Adults with a rare type of cancer called blastic plasmacytoid dendritic cell neoplasm (BPDCN) appear to benefit from treatment with tagraxofusp-erzs (Elzonris), according to findings from a clinical trial.
BPDCN is a rare, fast-growing blood cancer. Although it can develop at any age, it is most common among men in their late 60s. The usual survival for an adult is around 1 year.
Because there have been no standard treatments for BPDCN, doctors have relied on therapies that are typically used for other types of high-risk blood cancer, namely high-dose chemotherapy followed by stem cell transplantation. However, older patients are not usually able to tolerate this intensive approach, and even among younger patients, the cancer usually returns soon after treatment.
Guided by earlier results from this trial, as well as other trials, tagraxofusp was approved by the Food and Drug Administration (FDA) for the treatment of children and adults with BPDCN in December 2018, making it the first and only FDA-approved treatment for the disease.
The new findings, published April 25 in the New England Journal of Medicine, confirm and add to the preliminary results that led to last year’s approval, said lead investigator Andrew Lane, M.D., Ph.D., director of Dana-Farber Cancer Institute’s BPDCN Center.
Tagraxofusp reduced tumor burden in the large majority of patients, especially those who were newly diagnosed and had not received previous treatment for BPDCN.
“The advantage of this drug is that, when it produces a response, it appears to be long-lasting. That’s encouraging,” said Arthur Frankel, M.D., an oncologist at Mitchel Cancer Institute in Mobile, Alabama.
Dr. Frankel led the first clinical studies of tagraxofusp (then called SL-401) in people with BPDCN but was not involved in the current study.
What is BPDCN?
Up until 2008, BPDCN didn’t exist. That is, people had this type of cancer, but it was known by several different names and there weren’t clear parameters for how to define it. Even now, with a unified name and definition, BPDCN can be hard to diagnose because the disease is somewhat different in each patient.
For instance, most patients with BPDCN develop skin lesions—like a dark-colored rash or skin tumors—but cancer cells can also turn up in the bone marrow, lymph nodes, and circulating blood. Whereas some patients have lesions only in their skin, others have them in a combination of organs, Dr. Lane explained.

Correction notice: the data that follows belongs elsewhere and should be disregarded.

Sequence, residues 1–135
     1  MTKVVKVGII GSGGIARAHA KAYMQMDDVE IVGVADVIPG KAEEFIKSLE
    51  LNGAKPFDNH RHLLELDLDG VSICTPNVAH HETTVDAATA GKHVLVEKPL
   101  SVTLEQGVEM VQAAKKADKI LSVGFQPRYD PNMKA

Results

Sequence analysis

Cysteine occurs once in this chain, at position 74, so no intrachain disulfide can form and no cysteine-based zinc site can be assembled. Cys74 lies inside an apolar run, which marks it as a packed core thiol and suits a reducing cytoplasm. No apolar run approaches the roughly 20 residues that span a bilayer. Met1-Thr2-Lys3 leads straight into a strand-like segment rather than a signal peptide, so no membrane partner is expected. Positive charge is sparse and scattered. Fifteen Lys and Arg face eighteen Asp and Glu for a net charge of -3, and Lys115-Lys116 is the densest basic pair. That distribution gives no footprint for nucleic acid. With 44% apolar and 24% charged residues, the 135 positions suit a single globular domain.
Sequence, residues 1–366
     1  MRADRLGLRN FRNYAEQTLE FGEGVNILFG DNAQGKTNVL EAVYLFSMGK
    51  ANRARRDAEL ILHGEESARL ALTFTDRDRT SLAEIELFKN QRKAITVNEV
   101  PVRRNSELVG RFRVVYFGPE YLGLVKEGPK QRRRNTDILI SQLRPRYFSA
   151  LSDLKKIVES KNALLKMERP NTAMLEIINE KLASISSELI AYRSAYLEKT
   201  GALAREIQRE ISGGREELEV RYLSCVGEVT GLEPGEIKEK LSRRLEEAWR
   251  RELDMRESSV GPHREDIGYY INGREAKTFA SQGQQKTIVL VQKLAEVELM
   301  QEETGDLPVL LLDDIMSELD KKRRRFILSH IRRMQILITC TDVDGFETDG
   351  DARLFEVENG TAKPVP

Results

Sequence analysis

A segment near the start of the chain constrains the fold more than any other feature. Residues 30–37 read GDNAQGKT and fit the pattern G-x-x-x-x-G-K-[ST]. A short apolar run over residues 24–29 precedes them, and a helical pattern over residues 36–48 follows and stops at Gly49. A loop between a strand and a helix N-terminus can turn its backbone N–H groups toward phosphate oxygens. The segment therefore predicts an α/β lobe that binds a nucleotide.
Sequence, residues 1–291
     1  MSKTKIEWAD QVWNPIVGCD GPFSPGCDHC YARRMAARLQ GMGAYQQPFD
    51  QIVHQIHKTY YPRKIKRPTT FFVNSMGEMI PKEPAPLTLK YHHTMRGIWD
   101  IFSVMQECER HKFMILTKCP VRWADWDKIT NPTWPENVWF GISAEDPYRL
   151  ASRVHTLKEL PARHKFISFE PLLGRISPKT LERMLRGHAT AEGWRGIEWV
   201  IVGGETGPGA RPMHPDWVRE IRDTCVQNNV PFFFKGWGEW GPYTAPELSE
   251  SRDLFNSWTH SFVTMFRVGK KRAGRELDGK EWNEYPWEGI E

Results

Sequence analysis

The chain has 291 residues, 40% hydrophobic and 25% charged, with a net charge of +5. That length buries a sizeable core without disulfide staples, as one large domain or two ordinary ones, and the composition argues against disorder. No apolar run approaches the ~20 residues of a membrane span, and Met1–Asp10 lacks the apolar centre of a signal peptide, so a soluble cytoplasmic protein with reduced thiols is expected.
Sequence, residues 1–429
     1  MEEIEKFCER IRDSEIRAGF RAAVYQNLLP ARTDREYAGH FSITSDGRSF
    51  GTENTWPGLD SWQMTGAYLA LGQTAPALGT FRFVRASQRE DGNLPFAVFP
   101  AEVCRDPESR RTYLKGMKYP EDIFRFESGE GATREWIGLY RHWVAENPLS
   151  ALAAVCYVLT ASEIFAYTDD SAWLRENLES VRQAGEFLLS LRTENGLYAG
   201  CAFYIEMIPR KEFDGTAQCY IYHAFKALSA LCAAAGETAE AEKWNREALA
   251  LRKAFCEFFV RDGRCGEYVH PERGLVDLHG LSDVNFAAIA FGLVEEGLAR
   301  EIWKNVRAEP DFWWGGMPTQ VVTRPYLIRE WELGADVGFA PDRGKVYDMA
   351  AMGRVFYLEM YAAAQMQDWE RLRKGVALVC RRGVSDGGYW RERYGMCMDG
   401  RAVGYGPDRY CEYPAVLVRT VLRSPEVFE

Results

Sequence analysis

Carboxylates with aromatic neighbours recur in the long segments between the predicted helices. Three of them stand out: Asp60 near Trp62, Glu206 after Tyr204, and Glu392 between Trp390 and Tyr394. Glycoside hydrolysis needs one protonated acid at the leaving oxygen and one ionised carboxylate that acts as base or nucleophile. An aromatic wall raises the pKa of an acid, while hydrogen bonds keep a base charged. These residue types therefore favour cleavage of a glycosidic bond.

Another unusual characteristic of BPDCN is that it is three to four times more common in men than in women, but it’s not clear why.
In addition, a protein called CD123 is found at higher than normal levels on cancer cells from all patients with BPDCN and some patients with other types of blood cancer, making it an attractive drug target for blood cancer treatment.
“Researchers thought that BPDCN might be the poster child for targeting CD123,” Dr. Lane said. So, when tagraxofusp—a drug that attaches to CD123—became available, a clinical trial for people with BPDCN was the obvious first choice.
Tagraxofusp is a two-headed fusion protein that acts like a targeted missile. One part of it latches on to CD123 molecules on BPDCN cells, and, after the drug is absorbed by the cells, the other part—a toxin—kills the cells.
The Largest Study of BPDCN
The trial was conducted by researchers at nine institutions across the country who decided to work together after discovering a shared interest in BPDCN at the American Society of Hematology annual meeting in 2013.
“This [study] never could have been done at a single center because of the rarity of the disease,” Dr. Lane noted. “This is a truly collaborative effort between all these centers and the [pharmaceutical] company,” he added. The trial sponsor was Stemline Therapeutics, the manufacturer of tagraxofusp.
A total of 47 patients with BPDCN enrolled in the trial and received tagraxofusp. Fifteen of the participants had received previous treatment for BPDCN and 32 others had not.
The primary outcome of the study was the combined rates of complete response and clinical complete response. A complete response was defined as the disappearance of lesions in each organ (skin, bone marrow, and lymph nodes) where the cancer had appeared before treatment, and a clinical complete response was defined as a complete response with remaining skin discoloration that was not cancerous.
Among the 29 patients in the previously untreated group who were given a higher dose of tagraxofusp, the combined rate of complete responses and clinical complete responses was 72%. It’s not yet known how long these responses will last, but participants have so far been followed for a median of 19 months. The overall response rate (including complete responses, clinical complete responses, and partial responses) in this group was 90%.
Overall, 45% of patients in this group went on to receive a stem cell transplant, including older patients who ordinarily would have been “excluded from this intensive therapy,” the investigators noted. About half of patients in the previously untreated group (52%) were still alive 2 years after the start of the trial.
Among patients who had received previous treatment for BPDCN, 67% responded to tagraxofusp. The median length of response was 3 months. One patient in this group went on to receive a stem cell transplant.